Although presented as two shows in one night, it would be unfair to review Kevin Wood’s production of The Boys in the Band / The Girls in the Band together as they are such very different shows so, quite unusually, the review also appears in two separate halves.
Act One – The Boys in the Band
Mart Crowley’s original off-broadway production of The Boys in the Band opened in 1968, to a world that was very different from the one we have today. So different, in fact, that it sent shockwaves through the mainstream theatre world. Why? – because just about all of the characters are gay and Crowley’s wonderfully written piece showed them in all their natural, bitchy, promiscuous and camp reality.
The scene is the New York apartment owned by the central character Michael, who is preparing to host a birthday party for his long-time “frenemy”, Harold. An assortment of Harold’s closest friends has been invited and pretty soon we find ourselves in, what is probably best described as, a gay version of Abigail’s Party. (I wonder if this is where Mike Leigh got his inspiration?)
Most of the actors in the piece are incredibly well known female impersonators (drag queens, if you like) but, for the first time on stage, they all appear as men. Dave Lynn, a familiar face on the drag scene and on TV, takes on the role of Michael and performs it well. He holds the party together, despite crumbling internally as the action unfolds.
Jason Sutton (aka Miss Jason) is Donald, the first of the guests to arrive and, very obviously, Michael’s closest friend. He dislikes everything that New York is, and only pops in at weekends to join in the fun. He retains his cool when all around starts to fall apart and Sutton is a wonderfully steadying influence in the part.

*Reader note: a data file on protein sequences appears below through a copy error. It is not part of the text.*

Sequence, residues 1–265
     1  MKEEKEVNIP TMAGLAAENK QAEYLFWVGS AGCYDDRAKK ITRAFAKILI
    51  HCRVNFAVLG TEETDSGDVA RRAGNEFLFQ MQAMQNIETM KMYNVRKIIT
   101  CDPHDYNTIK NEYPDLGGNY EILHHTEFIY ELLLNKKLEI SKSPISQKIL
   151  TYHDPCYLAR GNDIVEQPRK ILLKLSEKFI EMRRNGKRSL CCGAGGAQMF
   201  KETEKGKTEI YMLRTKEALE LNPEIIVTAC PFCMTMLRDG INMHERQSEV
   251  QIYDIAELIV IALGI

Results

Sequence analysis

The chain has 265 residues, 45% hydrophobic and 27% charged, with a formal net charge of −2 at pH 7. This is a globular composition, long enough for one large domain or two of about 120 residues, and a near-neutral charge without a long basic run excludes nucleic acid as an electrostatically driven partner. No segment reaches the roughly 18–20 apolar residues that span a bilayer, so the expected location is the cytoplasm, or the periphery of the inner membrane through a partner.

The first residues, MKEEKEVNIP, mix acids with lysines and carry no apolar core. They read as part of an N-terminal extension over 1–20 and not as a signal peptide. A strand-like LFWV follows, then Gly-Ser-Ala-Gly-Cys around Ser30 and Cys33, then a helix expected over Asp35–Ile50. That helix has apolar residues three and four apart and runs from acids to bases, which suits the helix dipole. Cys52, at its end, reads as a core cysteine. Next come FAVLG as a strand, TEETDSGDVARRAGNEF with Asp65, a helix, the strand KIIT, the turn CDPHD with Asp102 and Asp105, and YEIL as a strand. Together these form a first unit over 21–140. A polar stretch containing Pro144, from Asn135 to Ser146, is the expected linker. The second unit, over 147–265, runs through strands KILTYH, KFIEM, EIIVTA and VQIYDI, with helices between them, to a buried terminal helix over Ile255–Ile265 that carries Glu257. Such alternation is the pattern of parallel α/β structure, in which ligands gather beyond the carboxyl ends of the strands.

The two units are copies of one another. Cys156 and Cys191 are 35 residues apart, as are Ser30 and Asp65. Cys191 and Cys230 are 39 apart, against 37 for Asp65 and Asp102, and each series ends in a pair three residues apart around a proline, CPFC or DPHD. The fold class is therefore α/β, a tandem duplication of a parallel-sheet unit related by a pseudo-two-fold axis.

As they begin to chat, Michael gets a call from his old college roommate Alan, who is distraught and looking for a friendly chat. As Alan is straight, Michael is worried about inviting him round to witness such “flamboyant” guests but, nevertheless, invites him over. However, just a few moments later, Alan calls back to say that he can’t make it.
Positively bursting through the front door, of Janet Bird’s very well designed set, we next meet Emory and Bernard. Alan Trainor (aka Rose Garden) and Del Bell-Haynes (aka Sandra) excel in these parts and bring with them as much camp comedy, effeminate mannerisms and slapstick as they can fit in. Within minutes they have the assembled company dancing wildly around the apartment – just as Alan, portrayed brilliantly by Stephen Richards (aka Lola Lasagne), decides to change his mind and turn up.
Disfunctional couple Larry and Hank played by Stephen Bacon (aka Lady La Rue) and Allan Jay arrive next and they bring with them a dramatic tension that reveals unhealthy cracks in their relationship. The tension is broken, momentarily, with the arrival of Harold’s birthday present, a cowboy stripagram.
Andrew Simeon is simply perfect as the incredibly cute, but intellectually lacking, stripper and then, finally, Richard Byrne (aka Titti La Camp), turns up as, habitually late birthday boy, Harold.
With the stage now filled with a wonderful collection of superbly portrayed characters, the scene is set for Director, Christopher Biggins, to bring on a parade of fantastic one-liners and unleash the comic, tragic, fast paced, moving, camp, bitter and heart-wrenching party from hell.